In a previous e-bulletin article we provided an overview of the Bribery Act 2010 which replaces and enhances the UK's existing anti-bribery regime. The Government announced in July 2010 that the Act will come into force in April 2011.

On 14 September 2010 the Ministry of Justice launched an 8-week public consultation on draft guidance on preventing bribery. The deadline for responses to the consultation is 8 November 2010. The Government aims to publish the final version of the guidance at the beginning of 2011.

The establishment of adequate procedures is a critical issue for a "relevant commercial organisation" under the Act. Under section 7 of the Act a relevant commercial organisation can face prosecution for failing to prevent bribery by an "associated person". It will be a defence for a commercial organisation to show that it had adequate procedures in place to prevent unlawful conduct. The term "relevant commercial organisation" captures UK incorporated companies and partnerships which carry on a business in the UK or elsewhere as well as non-UK corporate bodies and partnerships that carry on business in the UK. The term "associated person" is widely defined and includes any person who performs services for or on behalf of a relevant commercial organisation including an employee, agent or subsidiary.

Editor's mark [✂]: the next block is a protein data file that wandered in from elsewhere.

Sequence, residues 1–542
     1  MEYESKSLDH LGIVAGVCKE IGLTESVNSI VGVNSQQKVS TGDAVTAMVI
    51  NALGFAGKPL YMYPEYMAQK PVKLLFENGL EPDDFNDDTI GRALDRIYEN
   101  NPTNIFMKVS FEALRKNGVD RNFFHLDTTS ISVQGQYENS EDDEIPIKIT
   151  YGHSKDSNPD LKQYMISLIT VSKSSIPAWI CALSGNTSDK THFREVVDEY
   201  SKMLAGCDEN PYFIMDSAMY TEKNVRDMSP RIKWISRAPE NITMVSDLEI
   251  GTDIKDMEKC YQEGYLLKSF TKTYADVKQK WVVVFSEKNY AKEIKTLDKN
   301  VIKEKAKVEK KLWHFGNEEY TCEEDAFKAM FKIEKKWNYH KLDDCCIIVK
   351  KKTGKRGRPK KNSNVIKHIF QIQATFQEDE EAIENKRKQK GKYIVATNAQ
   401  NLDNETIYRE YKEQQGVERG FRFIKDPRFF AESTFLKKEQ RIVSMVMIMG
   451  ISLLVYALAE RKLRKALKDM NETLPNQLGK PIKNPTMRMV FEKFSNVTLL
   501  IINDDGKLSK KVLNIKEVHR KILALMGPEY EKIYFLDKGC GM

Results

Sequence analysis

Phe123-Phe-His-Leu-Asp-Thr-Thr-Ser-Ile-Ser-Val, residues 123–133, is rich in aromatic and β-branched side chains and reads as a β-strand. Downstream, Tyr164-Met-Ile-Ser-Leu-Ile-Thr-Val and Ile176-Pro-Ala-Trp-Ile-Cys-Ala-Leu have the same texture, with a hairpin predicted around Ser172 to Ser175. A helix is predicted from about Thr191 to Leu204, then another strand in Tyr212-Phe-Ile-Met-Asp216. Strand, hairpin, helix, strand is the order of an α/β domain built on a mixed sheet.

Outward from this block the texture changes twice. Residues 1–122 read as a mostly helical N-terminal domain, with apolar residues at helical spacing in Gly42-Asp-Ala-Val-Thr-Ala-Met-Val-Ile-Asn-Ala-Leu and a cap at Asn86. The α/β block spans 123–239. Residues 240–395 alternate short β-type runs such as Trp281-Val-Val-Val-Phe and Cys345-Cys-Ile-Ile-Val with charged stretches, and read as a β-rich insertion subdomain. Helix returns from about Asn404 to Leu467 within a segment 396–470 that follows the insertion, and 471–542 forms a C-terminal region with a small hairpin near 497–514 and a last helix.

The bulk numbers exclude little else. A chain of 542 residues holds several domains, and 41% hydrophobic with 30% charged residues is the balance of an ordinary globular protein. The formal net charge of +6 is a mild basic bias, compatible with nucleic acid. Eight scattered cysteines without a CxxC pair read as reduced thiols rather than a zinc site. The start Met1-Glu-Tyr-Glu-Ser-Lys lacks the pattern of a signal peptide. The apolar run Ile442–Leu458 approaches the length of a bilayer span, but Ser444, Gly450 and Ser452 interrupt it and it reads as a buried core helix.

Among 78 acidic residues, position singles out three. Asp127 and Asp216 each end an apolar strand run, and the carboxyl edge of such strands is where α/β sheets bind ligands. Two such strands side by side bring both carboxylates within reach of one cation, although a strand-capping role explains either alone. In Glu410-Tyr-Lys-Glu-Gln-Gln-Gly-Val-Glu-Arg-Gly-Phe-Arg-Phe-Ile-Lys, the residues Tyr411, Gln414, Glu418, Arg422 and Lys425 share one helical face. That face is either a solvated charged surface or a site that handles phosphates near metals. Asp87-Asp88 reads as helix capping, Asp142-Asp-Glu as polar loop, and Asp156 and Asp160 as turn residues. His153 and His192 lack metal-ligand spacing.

The Government's draft guidance outlines six general principles which it considers should form the basis of procedures put in place by commercial organisations to prevent bribery:

  • A regular and comprehensive risk assessment should be carried out that assesses the nature and extent of the risks relating to bribery to which the organisation is exposed.
  • There should be top level (management) commitment to preventing bribery and establishing a culture in which bribery is never acceptable.
  • Appropriate due diligence procedures should be in place that cover all parties to a business relationship and all markets in which the organisation does business.
  • The organisation should have in place clear, practical, accessible and enforceable policies and procedures to prevent bribery being committed on its behalf.
  • There should be effective implementation of anti-bribery policies and procedures and these should be embedded throughout the organisation.
  • Monitoring and review mechanisms should be in place to ensure compliance with relevant policies and procedures and to identify any issues as they arise.

The draft guidance does not contain prescriptive rules nor does it impose any direct obligations on organisations. Rather it envisages, as is evident from the illustrative scenarios that accompany the guidance, that what constitutes "adequate procedures" will depend on the facts and circumstances of a particular case and may differ depending on the size of an organisation and the nature of its activities. The guidance suggests certain procedures that an organisation may wish to consider putting in place in relation to each of the above principles. It is likely that the final guidance, while offering a useful template and necessary scheme of reference for commercial organisations, will not provide a detailed ready-made compliance programme that avoids the need for rigorous self-assessment.